A guaranty can be defined as an undertaking or a promise from a guarantor to a guarantee. A guaranty can be thought as a collateral to a primary or principal obligation from the guarantor to perform. In a finance or lending context, a guarantor would be forced to answer for the debt or default of the debtor to the creditor, if a debtor does not fulfill an obligation on their part to repay their debt. In short, it means an assurance of the future payment of another person's debt. Thus, a guaranty clause would involve three parties. It is an enforceable form of promise for the guarantor as there is a consideration for the guarantor. A guaranty is not actionable and cannot be of the basis of a claim by the guarantee against the guarantor until there is a breach of contract or failure of performance by the debtor. A guaranty clause can take many forms; a primary example is a loan agreement that is co-signed, which can signify a guaranty from the co-signer to a specific amount, even if the loan agreement does not use a specific "guarantor" title.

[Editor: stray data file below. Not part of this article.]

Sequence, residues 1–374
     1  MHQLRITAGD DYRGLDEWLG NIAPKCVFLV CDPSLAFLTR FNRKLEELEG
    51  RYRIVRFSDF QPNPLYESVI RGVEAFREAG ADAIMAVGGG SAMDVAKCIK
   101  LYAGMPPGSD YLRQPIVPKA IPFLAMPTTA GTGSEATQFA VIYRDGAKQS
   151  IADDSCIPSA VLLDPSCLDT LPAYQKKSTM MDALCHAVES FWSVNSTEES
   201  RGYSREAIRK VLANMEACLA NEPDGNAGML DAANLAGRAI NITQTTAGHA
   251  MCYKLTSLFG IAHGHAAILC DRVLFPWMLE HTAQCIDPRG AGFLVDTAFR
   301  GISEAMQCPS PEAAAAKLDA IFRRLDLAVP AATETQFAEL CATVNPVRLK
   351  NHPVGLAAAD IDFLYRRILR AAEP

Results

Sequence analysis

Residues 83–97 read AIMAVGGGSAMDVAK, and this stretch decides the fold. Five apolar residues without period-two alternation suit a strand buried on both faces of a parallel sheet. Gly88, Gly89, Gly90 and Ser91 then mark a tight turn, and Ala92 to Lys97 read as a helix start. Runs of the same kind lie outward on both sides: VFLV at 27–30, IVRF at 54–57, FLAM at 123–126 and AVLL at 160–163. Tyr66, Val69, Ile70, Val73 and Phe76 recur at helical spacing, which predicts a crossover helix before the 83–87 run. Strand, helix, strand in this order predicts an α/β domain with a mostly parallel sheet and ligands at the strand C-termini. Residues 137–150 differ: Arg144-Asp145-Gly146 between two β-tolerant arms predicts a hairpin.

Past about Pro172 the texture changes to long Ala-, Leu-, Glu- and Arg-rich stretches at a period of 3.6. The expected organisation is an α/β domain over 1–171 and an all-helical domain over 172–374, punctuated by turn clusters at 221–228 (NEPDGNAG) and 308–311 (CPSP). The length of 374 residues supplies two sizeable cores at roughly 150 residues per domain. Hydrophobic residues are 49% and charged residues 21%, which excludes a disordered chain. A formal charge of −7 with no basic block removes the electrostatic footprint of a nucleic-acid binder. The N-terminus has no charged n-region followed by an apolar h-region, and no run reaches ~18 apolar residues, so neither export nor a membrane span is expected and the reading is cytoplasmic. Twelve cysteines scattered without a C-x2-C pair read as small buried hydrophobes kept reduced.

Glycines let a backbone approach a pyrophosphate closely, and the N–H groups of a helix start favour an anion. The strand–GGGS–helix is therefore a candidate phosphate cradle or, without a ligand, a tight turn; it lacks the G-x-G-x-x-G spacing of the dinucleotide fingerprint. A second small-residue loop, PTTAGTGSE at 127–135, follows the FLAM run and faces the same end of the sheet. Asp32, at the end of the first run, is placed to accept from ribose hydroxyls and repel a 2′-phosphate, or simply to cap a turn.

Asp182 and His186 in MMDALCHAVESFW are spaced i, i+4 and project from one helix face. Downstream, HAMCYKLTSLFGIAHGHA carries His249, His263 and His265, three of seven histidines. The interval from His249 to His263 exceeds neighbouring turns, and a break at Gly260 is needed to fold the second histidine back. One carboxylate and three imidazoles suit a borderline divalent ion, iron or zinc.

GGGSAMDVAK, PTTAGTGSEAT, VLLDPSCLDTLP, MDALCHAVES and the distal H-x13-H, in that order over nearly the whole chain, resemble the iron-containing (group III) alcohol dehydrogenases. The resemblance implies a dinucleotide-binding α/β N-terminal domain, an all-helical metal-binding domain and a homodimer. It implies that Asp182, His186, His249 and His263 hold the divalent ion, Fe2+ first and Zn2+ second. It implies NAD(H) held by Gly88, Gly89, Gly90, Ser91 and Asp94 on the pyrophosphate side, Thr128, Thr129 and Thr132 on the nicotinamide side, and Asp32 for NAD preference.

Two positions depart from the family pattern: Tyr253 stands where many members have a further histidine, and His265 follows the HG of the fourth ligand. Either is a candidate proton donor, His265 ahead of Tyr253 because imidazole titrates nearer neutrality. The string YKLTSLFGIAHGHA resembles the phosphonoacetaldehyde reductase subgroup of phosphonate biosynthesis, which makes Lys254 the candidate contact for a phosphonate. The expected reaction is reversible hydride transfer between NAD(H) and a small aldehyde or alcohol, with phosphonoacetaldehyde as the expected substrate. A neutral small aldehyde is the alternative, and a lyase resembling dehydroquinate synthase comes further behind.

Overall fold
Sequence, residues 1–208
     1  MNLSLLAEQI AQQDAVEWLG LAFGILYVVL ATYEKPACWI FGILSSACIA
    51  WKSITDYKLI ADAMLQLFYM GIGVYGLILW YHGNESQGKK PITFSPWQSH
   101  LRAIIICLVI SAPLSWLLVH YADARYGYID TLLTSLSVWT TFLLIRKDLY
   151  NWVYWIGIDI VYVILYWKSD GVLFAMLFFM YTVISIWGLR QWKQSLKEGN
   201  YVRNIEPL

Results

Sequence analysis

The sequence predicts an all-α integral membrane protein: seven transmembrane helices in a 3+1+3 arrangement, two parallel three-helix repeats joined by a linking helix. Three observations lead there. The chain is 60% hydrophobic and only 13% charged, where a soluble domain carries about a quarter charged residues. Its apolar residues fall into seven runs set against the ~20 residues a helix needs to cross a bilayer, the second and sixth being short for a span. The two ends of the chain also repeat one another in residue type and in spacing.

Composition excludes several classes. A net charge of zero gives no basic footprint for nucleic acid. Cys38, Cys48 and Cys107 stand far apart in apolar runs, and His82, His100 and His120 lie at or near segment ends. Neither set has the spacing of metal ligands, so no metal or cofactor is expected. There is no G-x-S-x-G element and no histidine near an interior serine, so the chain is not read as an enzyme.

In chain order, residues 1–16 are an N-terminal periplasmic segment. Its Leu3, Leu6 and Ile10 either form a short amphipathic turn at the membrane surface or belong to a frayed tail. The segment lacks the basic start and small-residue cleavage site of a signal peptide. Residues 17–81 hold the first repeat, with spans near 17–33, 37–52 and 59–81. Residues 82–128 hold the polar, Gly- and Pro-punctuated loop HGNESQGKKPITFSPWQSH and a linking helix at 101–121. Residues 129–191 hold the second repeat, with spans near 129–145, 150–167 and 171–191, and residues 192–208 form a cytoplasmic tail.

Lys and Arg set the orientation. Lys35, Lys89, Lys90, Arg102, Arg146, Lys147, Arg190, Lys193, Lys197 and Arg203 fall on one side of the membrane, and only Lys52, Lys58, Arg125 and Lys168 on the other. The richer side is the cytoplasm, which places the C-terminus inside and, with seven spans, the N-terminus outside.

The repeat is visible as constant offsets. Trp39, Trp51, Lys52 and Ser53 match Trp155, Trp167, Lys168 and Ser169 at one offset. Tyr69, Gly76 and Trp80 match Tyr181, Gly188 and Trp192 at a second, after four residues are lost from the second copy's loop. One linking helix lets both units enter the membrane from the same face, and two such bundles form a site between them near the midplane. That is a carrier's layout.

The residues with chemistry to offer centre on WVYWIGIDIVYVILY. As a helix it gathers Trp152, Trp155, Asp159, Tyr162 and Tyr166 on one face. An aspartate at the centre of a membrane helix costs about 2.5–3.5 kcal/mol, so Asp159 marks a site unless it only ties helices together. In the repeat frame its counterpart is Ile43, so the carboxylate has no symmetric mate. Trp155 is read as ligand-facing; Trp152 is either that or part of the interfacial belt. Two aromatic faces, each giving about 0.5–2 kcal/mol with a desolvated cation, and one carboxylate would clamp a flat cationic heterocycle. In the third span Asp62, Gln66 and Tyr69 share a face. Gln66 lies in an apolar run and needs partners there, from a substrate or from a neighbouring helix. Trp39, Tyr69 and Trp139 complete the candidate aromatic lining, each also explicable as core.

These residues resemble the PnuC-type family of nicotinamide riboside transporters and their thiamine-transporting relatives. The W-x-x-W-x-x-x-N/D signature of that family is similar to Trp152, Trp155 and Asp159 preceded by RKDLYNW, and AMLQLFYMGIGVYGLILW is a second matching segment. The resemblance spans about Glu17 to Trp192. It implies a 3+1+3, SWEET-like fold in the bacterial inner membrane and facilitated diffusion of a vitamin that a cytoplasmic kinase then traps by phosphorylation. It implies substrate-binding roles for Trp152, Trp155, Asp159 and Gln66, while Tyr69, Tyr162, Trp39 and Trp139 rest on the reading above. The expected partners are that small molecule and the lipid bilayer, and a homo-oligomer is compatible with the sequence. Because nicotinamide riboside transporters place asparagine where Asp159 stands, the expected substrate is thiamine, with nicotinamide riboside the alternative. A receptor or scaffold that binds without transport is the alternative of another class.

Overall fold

[Last updated in March of 2022 by the Wex Definitions Team]